• Misuse of law is not a justification for its withdrawal:
    • A mere misuse or abuse of law, actual or potential, can never be a reason to render a provision unconstitutional.
  • Free and fair elections:
    • Absence of criminal liability will give rise to hate speeches during elections, and it may negatively affects fair elections
  • Deterrence against fake news
    • Criminal defamation acts as a deterrent against the spread of false information and rumors with malicious intent. This is particularly relevant in the digital age, where misinformation can spread rapidly online?
  • Increasing threat of cyber-bullying:
    • It is argued that online defamation in the Internet age can be effectively countered only by making it a criminal offence.

ARGUMENTS AGAINST CRIMINALIZING DEFAMATION

  • Against the spirit of Article 19:
    • Criminalizing defamation has a harsh effect on the right to freedom of speech and expression provided under Article 19
    • It is an ideal weapon for powerful individuals to silence critical or inconvenient speech. It is a colonial-era law introduced by the British regime to suppress political criticism.
  • Even truth is not a defence:
    • Even if a person has spoken the truth, he can be prosecuted for defamation.
    • Under the first exception to section 499, the truth will only be a defence if the statement was made for the public good, which is a question of fact to be assessed by the court.
    • It is an arbitrary and overbroad rule that deters people from making statements regarding politicians or political events even which they know to be true
  • Lead to state high-handedness:
    • The state uses it as a means to coerce the media and political opponents into adopting self-censorship and unwarranted self-restraint.
  • Implications for democracy:
    • Only the “imputation” or accusation is enough to be interpreted as harming the reputation of a person.
    • Thus even an ironical statement can amount to defamation and a criminal suit can be filed even for political speech which is the most protected speech in a democracy
  • The process is itself a punishment:
    • The accused has multiple defences open but they are available only after the trial commences. Hence an accused person has to undergo the long-drawn-out trial process which in itself a punishment.
  • Disproportionate Impact vs. Right to Respond:  
    • Treating defamation similarly to serious crimes is disproportionate. Unlike severe crime victims, those accused of defamation can counter allegations, suggesting that civil defamation laws might offer a more balanced remedy.
  • Several instances of misuse:
    • The criminal provisions have often been used purely as a means of harassment.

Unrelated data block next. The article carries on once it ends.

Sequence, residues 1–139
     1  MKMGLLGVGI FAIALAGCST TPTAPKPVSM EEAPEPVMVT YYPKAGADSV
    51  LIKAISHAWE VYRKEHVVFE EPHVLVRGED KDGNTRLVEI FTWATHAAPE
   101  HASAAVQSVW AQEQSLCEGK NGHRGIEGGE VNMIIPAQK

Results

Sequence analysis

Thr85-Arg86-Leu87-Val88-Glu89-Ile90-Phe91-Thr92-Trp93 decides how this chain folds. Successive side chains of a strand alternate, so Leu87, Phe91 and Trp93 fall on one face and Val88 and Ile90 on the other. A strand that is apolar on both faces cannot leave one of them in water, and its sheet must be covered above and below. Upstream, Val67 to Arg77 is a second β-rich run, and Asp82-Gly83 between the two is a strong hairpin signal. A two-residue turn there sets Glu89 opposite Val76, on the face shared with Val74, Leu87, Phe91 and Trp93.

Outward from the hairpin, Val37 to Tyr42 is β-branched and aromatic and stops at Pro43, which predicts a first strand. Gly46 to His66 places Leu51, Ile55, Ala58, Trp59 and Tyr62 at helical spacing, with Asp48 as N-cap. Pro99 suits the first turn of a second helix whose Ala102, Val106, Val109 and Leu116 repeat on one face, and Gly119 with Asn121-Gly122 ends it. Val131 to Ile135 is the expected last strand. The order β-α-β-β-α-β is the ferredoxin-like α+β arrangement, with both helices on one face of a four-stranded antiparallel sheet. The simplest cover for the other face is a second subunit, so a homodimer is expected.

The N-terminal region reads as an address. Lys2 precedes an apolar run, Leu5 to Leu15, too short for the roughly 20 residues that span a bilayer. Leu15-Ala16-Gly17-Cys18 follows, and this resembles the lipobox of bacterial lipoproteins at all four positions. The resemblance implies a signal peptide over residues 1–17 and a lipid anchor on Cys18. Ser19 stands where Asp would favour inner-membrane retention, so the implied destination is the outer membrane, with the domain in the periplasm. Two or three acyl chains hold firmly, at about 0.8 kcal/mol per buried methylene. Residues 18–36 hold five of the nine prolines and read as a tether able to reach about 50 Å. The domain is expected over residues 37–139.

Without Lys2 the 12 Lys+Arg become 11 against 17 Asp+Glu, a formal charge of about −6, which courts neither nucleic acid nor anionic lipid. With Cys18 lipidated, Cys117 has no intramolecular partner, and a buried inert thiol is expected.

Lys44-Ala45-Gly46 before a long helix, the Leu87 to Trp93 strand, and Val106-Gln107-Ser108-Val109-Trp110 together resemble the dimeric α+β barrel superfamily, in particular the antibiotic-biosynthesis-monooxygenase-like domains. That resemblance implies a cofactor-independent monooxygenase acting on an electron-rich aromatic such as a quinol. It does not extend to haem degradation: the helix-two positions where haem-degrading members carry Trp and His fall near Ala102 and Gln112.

• Global trend towards decriminalisation:
    • International support, including from the United Nations, favours shifting from criminal to civil defamation laws to better protect freedom of expression. 
    • Countries like the United Kingdom, Norway, Denmark, Ireland, etc. have moved away from criminal defamation, favouring reforms that emphasise free speech and media freedom.
  • Delayed Justice
    • The Indian judicial system is infamous for its delays, and criminal defamation cases add to the backlog, exacerbating the problem of delayed justice.

WAY FORWARD:

  • Criticism vs. Defamation: Supreme Court in Subramanian Swamy vs. Union of India, 2016, underscored that criticism was not defamation, and hence trial court must be “very careful” in scrutinising a complaint before issuing the summons in a criminal defamation case.
  • Pre-trial Resolution Mechanism: Encourage and facilitate pre-trial resolution mechanisms, such as mediation and conciliation, for defamation disputes.
  • Digital Age Considerations: Adapt defamation laws for the digital era, addressing the unique aspects of online speech. Include criteria for online defamation that consider content virality, platform roles, and anonymous speech.
  • Decriminalization with Strong Civil Remedies: Consider decriminalizing defamation while strengthening civil remedies.
  • Awareness and Education Campaigns: Launch awareness campaigns to educate the public about the importance of reputation, the responsibilities that come with free speech, and the legal implications of defamation.
  • Clarification and Narrowing of Definitions: Clarify and narrow the definitions of defamation to ensure that they are not overly broad or vague, reducing the potential for abuse

PRACTICE QUESTION:

Q. Critically evaluate the necessity of criminalizing defamation within the context of balancing conflicting rights in a democratic society.(15 marks, 250 words)